The Chief Executive Officer of the Ghana Cocoa Board, Joseph Boahen Aidoo, has said he faced significant financial challenges when he assumed office in January 2017.

Speaking on Joy FM’s Super Morning Show, Mr Aidoo said although the previous administration secured an amount of $1.8 billion in 2016, by January 2017 no money was left when he took charge of Cocobod.

According to him, the money was spent on buying cocoa and other operational costs incurred.

“They bought about 600,000 metric tonnes before we came in. With cocoa, the peak harvest period is October, November, December, and January. So within the first quarter of the season, from October to December 2016, the previous administration bought over 600,000 metric tonnes.

“When we assumed office, there was no money, meanwhile, we had to buy cocoa till the end of the season from January to September,”he said.

Upon assuming office, Mr Aidoo said Cocobod faced the daunting task of continuing cocoa purchases without any funds available.

He said the best option was for Cocobod to seek assistance from the Bank of Ghana.

“We were forced to go to the Bank of Ghana to borrow. Within that period, we bought over 300,000 metric tonnes and we had to pay the farmers, we had to pay for haulage, the buyer’s margin, and operational costs.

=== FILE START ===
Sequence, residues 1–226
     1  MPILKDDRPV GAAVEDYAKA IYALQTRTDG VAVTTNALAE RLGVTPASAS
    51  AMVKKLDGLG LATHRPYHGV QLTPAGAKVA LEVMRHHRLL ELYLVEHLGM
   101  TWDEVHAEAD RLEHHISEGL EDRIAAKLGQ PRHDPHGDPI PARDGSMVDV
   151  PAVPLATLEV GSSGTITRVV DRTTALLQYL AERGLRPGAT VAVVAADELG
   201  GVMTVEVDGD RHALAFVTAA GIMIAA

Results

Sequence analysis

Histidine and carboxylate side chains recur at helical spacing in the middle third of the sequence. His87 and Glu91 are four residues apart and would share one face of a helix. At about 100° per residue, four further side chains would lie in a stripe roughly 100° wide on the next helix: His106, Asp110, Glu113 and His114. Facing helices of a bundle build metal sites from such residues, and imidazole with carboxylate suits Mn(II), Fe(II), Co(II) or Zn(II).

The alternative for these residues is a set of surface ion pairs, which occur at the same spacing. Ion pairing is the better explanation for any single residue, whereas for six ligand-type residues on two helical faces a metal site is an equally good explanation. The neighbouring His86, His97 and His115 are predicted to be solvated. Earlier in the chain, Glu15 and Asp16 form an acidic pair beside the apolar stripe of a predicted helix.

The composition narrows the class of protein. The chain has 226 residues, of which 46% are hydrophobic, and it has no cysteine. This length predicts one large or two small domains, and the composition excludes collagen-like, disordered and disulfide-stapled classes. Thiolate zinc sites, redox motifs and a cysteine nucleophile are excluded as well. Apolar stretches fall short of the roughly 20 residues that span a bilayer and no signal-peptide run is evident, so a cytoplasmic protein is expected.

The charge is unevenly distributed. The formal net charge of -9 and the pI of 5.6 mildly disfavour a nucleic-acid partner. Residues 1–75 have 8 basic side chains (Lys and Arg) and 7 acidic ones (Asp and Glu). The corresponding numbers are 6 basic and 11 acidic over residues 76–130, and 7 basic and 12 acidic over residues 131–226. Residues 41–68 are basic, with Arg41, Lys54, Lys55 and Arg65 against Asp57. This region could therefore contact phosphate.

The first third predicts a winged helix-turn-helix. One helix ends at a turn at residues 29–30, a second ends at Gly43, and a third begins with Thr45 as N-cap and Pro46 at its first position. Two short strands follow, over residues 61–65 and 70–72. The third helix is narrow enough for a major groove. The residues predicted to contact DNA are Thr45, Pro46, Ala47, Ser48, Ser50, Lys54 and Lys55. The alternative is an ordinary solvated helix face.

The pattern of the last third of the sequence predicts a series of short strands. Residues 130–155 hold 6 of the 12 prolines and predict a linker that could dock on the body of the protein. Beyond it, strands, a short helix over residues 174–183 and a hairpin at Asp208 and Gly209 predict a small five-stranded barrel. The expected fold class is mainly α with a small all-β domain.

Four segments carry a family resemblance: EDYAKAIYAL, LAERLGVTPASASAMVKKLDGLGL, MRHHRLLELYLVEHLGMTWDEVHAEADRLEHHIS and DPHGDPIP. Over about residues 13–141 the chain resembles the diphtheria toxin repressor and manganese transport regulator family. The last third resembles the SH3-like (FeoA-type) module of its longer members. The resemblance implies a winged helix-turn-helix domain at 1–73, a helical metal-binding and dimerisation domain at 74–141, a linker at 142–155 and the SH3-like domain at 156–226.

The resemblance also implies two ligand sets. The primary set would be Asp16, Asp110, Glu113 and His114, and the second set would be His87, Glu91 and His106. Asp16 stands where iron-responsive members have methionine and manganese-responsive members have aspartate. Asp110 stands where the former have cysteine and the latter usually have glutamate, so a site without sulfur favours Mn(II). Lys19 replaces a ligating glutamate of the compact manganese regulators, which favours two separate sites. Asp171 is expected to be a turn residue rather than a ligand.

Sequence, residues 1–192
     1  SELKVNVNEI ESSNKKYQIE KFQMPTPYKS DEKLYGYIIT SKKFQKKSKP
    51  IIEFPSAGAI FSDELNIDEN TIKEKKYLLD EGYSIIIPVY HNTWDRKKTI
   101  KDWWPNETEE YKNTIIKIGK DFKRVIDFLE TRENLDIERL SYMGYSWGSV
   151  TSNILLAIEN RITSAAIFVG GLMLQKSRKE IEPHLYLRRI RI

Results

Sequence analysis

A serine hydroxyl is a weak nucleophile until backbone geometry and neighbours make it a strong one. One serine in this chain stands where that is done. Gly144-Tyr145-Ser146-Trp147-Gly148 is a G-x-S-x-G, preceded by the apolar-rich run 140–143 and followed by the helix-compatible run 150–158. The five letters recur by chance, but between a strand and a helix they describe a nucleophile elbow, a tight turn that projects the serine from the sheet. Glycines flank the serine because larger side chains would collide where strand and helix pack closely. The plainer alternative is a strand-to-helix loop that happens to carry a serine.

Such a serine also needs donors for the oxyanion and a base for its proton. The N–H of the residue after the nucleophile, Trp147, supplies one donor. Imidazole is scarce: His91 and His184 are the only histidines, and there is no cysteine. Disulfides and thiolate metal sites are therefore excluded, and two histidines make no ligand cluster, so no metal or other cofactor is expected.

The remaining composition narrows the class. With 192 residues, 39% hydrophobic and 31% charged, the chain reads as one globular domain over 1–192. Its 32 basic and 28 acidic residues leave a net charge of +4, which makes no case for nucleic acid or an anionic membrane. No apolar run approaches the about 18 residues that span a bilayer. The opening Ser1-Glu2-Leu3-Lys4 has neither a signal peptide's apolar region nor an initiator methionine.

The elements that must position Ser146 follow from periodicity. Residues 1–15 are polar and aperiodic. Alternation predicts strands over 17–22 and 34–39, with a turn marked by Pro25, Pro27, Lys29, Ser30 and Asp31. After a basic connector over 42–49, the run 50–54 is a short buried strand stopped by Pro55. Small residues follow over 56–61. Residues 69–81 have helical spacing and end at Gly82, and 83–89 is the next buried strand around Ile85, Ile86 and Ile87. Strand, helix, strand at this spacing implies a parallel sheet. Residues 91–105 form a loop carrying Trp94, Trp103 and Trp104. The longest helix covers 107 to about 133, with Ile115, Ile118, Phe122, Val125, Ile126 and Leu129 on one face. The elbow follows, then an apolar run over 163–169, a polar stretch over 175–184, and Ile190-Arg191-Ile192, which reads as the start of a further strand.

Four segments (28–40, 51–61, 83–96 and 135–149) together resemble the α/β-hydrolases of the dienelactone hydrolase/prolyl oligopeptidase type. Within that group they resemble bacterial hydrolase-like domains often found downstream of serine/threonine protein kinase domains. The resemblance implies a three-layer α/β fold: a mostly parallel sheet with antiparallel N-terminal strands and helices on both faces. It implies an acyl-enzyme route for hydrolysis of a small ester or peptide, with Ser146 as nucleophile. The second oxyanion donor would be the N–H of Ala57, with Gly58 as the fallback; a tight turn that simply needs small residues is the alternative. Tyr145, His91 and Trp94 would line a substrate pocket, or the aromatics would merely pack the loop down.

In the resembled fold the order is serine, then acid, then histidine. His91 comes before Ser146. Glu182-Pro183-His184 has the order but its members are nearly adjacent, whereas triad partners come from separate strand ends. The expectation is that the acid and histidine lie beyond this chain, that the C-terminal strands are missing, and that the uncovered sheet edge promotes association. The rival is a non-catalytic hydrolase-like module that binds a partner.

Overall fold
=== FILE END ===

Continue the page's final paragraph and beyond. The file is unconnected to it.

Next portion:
“We sought help from the Bank of Ghana who became an intermediary between the Board and the consolidated banks and we got over GH₵2 billion,”he explained.

Ghana’s cocoa has been ravaged by adverse weather, bean disease and illegal gold mining, which often displaces cocoa farms.

Ghanian farmers are also smuggling more beans to neighbouring countries to sell them at higher prices than the state purchasing price, further eroding what little crop is available for delivery in Ghana.

According to reports, the world’s second largest cocoa producer is looking to delay delivery of up to 350,000 tons of beans to next season due to poor crops.

Chocolate makers around the world are raising prices for consumers after cocoa more than doubled in value this year alone following a third year of poor harvests in Ghana and Ivory Coast, responsible for 60% of global production.